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That description of the Harvard study reads like an advertisement for America's trial lawyers—which, in a way, it is. But Clozaril is going to cost U.S. patients $175 a week. But most doctors fear, with some justification, that stricter disciplinary measures by hospital boards will be answered with yet another round of litigation, this time for libel, wrongful discharge, or anti-competitive denial of hospital privileges. But 1% or 2% of patients on Clozaril will develop a rare and potentially fatal blood disease. This message may be routed through support staff. So there we have it. Nader and Conason could hardly suppress their delight over the Harvard report and its attendant publicity. My cynical mind is inclined to doubt that hospitals are really that good. Award-Winning Journalism Every reporter knows lawsuits make good copy: they're violent, unpredictable, and expensive, and tend to show off the worst (and occasionally best) sides of human nature. Newspaper History Award (1918) Letters, Drama & Music. Copyright © 2020 Manhattan Institute for Policy Research, Inc. All rights reserved. That what America really needs is more malpractice litigation, higher insurance premiums and yet another overall rise in doctors' bills? Third revelation, the one buried at the end of the Times story, the one not dwelt on by either Nader or Conason until I was rude enough to mention it: Only 8 of the negligence victims sued, but another—39 patients—who were not victims of any negligence, according to the study—also sued. Every reporter knows lawsuits make good copy: they're violent, unpredictable, and expensive, and tend to show off the worst (and occasionally best) sides of human nature. Yes, we do need mechanisms to weed out the incompetent fringe of the medical profession. And this is only the beginning. So count on it that nothing whatsoever will be done. I'm stuck with the neighborhood, but I heartily avoid hospitals except when my condition makes it even more dangerous to remain elsewhere. For best viewing experience, please consider upgrading to the. From Sandoz' perspective, however, almost no cost is too high.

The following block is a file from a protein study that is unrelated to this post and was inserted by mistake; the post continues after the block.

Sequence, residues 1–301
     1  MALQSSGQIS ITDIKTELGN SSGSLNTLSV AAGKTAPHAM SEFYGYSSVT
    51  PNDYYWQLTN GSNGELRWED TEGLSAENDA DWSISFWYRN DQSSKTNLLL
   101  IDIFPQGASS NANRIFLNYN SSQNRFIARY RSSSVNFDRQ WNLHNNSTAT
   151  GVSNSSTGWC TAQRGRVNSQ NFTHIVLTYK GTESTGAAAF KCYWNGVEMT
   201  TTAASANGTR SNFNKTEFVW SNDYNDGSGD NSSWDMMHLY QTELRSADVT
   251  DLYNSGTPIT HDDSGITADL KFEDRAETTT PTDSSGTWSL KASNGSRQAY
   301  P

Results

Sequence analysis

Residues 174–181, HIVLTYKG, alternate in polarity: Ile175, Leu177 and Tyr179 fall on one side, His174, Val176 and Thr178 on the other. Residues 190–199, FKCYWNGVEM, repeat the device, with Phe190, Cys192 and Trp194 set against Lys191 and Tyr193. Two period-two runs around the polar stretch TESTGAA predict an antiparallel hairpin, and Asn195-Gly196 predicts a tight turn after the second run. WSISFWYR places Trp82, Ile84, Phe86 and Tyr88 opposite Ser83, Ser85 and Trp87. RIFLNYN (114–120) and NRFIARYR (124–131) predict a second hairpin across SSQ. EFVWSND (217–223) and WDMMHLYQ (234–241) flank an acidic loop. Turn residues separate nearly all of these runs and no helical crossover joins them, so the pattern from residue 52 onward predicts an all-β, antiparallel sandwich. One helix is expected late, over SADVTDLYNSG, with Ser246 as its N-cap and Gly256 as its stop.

It produces none of the serious side effects of conventional antipsychotic drugs. The drug is Clozaril, developed by Sandoz Pharmaceuticals in the early 1960s. In other words, over 80% of the patients who did sue had no basis for doing so. Schizophrenia afflicts over 2 million Americans, who are often completely destitute because they cannot work or sustain contact with family and friends. Careful monitoring, however, can identify these patients before they are seriously harmed. But the law no longer affords them any legally effective way to do so. Imagine that the manufacturer of a car or contraceptive delivered a product that was defective 80% of the time. But as he freezes on the heating grate, the homeless schizophrenic who can't get Clozaril may, in some passing moment of lucidity, wonder whether he wouldn't be better off without his goldplated right to sue. Sandoz will market Clozaril through a health agency, Caremark Homecare Inc., which will supply the drug only in exchange for a weekly blood sample. Philip Meyer Journalism Award: National Institute for Computer-Assisted Reporting, Walter … Here’s the picture. "More medical malpractice than lawsuits," barked a recent front-page headline in The New York Times.

Says a major Harvard study of malpractice in New York hospitals, described by the newspaper as "perhaps the most comprehensive ever conducted in the U.S.". We've attached two of our favorite columns from over the summer. Many lives that would have ended in  misery on the streets would be saved.

But over 80% of the cases lawyers do file involve no negligence. Rich and poor retain an unbounded right to sue anyone (like Sandoz) who might somehow be blamed for hurting them. The country needs more lawsuits just as they always told you, the crisis lies with malpractice itself, not with liability. Send a question or comment using the form below. Everyone would benefit, except lawyers. Imagine that some diagnostic laboratory ran tests that produced 97% false negatives and 80% false positives. The Manhattan Institute is a think tank whose mission is to develop and disseminate new ideas that foster greater economic choice and individual responsibility. The risk would never be completely eliminated, but accidents notwithstanding, the world would be much improved. For my part, I can easily believe the Harvard numbers.